Tag: Renovations

  • Katsafanas Coffee Co., North Side

    Katsafanas Coffee Co. inscription

    In about 1925 the Katsafanas Coffee Company bought this building on North Avenue on the North Side and had the front completely redone in an ultramodern style. Father Pitt does not yet know the architect who supervised the remodeling, but it was obviously someone of rare taste. A renovation of the remodeling, carefully preserving what was preservable, was supervised by Pfaffman & Associates, a firm that has worked on some of our most outstanding restorations and on the sui generis Gateway subway station.

    Front of the Katsafanas Coffee Co. building
    Katsafanas Coffee Co., tea importers & coffee roasters; packers of high grade coffees teas and spices

    This sign was painted by the A. E Jones Sign Co., which is still in business at 507 Tripoli Street in Dutchtown, and still doing hand-painted signs.

    Cameras: Sony Alpha 3000, Fujifilm FinePix HS10.

  • Muddling a Building in Chinatown

    513 Court Place
    Fujifilm FinePix HS10.

    The front of this building from the 1920s has been subjected to a series of ill-conceived renovations, and it is about to get another one. This one will make a drastic change in its appearance by imposing a modern front that will make it look like an entirely different building—one in a 2020s style that will be embarrassingly passé in a few years. The good news is that the new front appears to be more or less disposable: it is simply covering the existing building (except for the parts on the ground floor that had already been rubbished by previous renovations), and a future owner will be able to peel it away and reveal the original building behind.

  • A Bit of Good News on the South Side

    Woodcarvong over the door

    The big blue “CONDEMNATION” sticker appeared on a fine Italianate rowhouse in the 1100 block of Sarah Street a while ago, and old Pa Pitt decided to document the house before it vanished. You can imagine how delighted he was to find that the blue sticker is gone and the house is under renovation, with new windows installed already.

    House at 1107 Sarah

    Nothing can stop a contractor from installing Georgian-style fake “multipane” windows, which contractors think of as the mark of quality, even when they are completely inappropriate for the style of the house, and even when the “panes” are false divisions made by laying a cartoon grid over a single sheet of glass. But at least these windows are the right size for the holes, and therefore no lasting damage has been done. Father Pitt would guess that a house like this originally had two-over-two windows: see, for comparison, this house of similar age Uptown.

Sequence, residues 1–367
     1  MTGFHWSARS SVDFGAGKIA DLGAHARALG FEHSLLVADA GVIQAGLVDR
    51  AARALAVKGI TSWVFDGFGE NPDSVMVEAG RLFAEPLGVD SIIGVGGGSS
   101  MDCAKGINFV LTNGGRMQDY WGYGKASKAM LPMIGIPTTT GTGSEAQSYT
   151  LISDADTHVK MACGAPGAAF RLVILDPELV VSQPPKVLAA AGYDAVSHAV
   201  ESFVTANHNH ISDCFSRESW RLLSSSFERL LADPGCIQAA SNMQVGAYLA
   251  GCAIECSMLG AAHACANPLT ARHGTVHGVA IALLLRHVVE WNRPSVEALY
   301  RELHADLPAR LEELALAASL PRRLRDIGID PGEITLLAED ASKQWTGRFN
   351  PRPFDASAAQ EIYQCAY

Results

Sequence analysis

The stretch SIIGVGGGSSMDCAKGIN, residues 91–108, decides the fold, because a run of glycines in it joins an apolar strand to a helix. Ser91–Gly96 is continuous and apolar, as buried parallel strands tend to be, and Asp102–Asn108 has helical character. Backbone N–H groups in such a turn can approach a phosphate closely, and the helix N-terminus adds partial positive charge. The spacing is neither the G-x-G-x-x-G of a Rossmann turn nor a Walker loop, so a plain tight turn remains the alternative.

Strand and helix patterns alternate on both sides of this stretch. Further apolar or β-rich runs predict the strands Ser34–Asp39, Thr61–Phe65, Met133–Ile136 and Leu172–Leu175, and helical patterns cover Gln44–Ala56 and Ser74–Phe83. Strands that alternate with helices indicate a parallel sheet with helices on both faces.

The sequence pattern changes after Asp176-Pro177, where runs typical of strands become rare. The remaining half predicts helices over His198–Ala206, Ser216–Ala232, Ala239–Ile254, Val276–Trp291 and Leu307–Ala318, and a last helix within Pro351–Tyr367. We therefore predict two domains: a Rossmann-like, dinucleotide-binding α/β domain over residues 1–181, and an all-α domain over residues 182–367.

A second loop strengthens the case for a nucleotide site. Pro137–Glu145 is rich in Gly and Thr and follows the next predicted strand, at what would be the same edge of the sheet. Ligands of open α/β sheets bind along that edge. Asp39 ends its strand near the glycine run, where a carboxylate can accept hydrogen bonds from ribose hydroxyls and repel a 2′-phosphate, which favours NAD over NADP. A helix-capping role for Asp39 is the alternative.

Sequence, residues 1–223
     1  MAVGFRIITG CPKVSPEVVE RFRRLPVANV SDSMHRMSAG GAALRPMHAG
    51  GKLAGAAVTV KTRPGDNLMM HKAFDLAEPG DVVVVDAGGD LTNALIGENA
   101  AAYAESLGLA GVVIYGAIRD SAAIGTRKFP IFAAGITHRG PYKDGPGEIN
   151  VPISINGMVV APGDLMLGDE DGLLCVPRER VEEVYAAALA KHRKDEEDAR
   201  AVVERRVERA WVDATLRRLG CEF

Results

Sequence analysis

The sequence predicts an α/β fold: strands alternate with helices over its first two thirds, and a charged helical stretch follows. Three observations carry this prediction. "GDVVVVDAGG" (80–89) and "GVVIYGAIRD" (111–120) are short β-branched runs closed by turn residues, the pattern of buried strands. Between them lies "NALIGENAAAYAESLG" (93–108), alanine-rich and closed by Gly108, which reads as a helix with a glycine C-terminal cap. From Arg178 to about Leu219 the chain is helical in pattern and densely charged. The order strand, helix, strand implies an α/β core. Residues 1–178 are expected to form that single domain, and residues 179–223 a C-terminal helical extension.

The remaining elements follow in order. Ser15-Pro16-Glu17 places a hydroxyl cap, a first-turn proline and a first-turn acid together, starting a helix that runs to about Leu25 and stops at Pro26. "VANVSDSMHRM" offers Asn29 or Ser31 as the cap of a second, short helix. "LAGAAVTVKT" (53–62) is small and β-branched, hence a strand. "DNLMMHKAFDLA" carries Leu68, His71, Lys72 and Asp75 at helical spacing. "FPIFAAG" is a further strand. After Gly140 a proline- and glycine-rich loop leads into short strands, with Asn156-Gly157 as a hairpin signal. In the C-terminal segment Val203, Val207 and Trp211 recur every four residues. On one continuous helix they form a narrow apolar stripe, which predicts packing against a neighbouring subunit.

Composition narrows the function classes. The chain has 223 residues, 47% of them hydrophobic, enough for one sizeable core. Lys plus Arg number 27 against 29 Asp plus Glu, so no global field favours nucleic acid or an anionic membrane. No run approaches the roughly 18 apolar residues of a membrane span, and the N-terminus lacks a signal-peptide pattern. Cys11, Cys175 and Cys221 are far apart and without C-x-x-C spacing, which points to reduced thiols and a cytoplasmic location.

The woodwork is a bit tattered, but we hope it can be preserved.


    This transom is crying out for an address in stained glass. Emerald Art Glass is only a dozen blocks away.


    Of course Father Pitt could not leave without documenting this fine breezeway.

    Front door

    Like the windows, the front door is a standard model that fits properly and could be replaced with a more appropriate style later by a more ambitious owner.

  • Mary L. Bayer House, South Side Slopes

    Just about every ugly thing that can happen to an old house has happened to this once-grand Second Empire mansion on the back end of Warrington Avenue. It has been sheathed in artificial siding. All the windows have been replaced with windows and doors in the wrong shapes. Almost all the trim has been removed (if you enlarge the picture, you can find a tiny remnant in the pediment over the front entrance). The porch has been replaced with treated lumber, which manufacturers assure us never has to be painted and therefore is always allowed to decay into even uglier colors than it was originally. The front entrance has been replaced with cheap doors from a home center.

    Yet, with all that, there is still a pleasing symmetry to the house that gives it a kind of senescent dignity. At present, it stands in a nice working-class neighborhood where houses are worthless, or at least not worth enough to make any substantial work on this one profitable. But it has a magnificent view of the city, and if someone with a little money were to adopt it, it could be remade into an attractive single-family mansion again, or a more attractive apartment house.

    Old Pa Pitt does not know the history of this house. On the Pittsburgh Historic Maps site, it first appears on the 1890 layer, suggesting that it was built in the 1880s. From then until 1923, it is marked as belonging to Mary L. Bayer or M. L. Bayer.

  • Church Converted to Alley Houses, South Side

    From the blocked-up Gothic windows and general shape, we can infer that this was a small church. But at some point not very recently it was converted to four tiny alley houses, made only slightly less tiny by the addition of what are probably kitchens on the back.

  • Strangely Altered Carson Street Victorian

    This building has had some adventures. Originally a typical Pittsburgh Romanesque commercial building, it had a radical renovation of the ground floor at some point in the Art Deco era (early enough that the entrances are still recessed from the sidewalk). Possibly at the same time, but probably later, the second and third floors were very inexpertly done over in an aggressively modernist style: the ornaments removed, the original tall windows replaced with much smaller windows, and the remaining space bricked up. Only the top remains more or less unaltered, though its ironwork date could use a bit of restoration, and the ironwork initials have left only their shadows.